Driven by rising migrant deaths in the Mediterranean, the Bay of Bengal, the Red Sea, and elsewhere, as well as by the challenges to border-control policies implicit in maritime migration, representatives of states, civil society, and international organizations gathered in December 2014 under the auspices of the UN High Commissioner for Refugees to discuss ways to limit the loss of life and foster international cooperation. This commentary explores the issues and challenges surrounding irregular maritime migration.
As many as 3.7 million unauthorized immigrants who are parents of U.S. citizens or legal permanent residents could apply for temporary relief from deportation under the new deferred action program that is expected to be unveiled this week, MPI estimates. Apparently imminent changes to the Deferred Action for Childhood Arrivals (DACA) program could expand the immediately eligible DACA population by 290,000, bringing it to close to 1.5 million. In total, MPI estimates the anticipated new deferred action program and expanded DACA initiative could benefit as many as 5.2 million people — nearly half of the 11.4 million unauthorized immigrants living in the United States.
WASHINGTON — The Migration Policy Institute (MPI) today launched a major new data tool offering national and state-level estimates of the 11.4 million unauthorized immigrants in the United States, including population size, countries and regions of origin, recency of arrival, educational enrollment and attainment, English proficiency, industries of employment and health insurance coverage.
Against a backdrop of aging populations and persistently low economic growth, few European governments are doing enough to help recent immigrants move from low-skilled precarious jobs and into decent work, says a new report by the Migration Policy Institute (MPI) and International Labour Organization (ILO).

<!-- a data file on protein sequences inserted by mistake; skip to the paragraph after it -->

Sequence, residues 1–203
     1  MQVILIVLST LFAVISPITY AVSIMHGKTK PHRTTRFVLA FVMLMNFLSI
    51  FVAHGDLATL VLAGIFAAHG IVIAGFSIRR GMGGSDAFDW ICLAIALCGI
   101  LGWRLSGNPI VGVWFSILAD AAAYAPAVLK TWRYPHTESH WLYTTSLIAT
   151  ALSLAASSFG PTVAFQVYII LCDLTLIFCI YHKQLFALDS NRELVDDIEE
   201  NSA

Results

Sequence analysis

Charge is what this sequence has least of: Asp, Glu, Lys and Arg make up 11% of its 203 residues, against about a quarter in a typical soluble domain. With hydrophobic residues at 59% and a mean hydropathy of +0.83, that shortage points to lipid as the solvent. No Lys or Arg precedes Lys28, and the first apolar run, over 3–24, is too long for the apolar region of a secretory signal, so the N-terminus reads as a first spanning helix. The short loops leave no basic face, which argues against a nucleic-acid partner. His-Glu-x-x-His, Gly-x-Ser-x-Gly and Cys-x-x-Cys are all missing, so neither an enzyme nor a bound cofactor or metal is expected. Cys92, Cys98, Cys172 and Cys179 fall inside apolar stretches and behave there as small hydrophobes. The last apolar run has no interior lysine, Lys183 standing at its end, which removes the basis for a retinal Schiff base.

BRUSSELS — Whilst European countries have well-established education systems, children with a migrant background are disproportionately among the underperformers and face a number of critical education needs that mainstream education policy does not currently meet.
Men Account for 91% of All Deportees in 2003-2013; Deportations Disproportionately Target Mexicans and Central Americans
WASHINGTON — A growing number of countries have created immigrant investor programs offering citizenship or residency rights in exchange for a sizeable financial investment, as demand from wealthy immigrants from China and other emerging economies increases. Yet even as more countries jump into the ring, some governments with more experience have questioned the programs’ economic benefits and are looking for ways to increase their impact, a new Migration Policy Institute (MPI) report finds.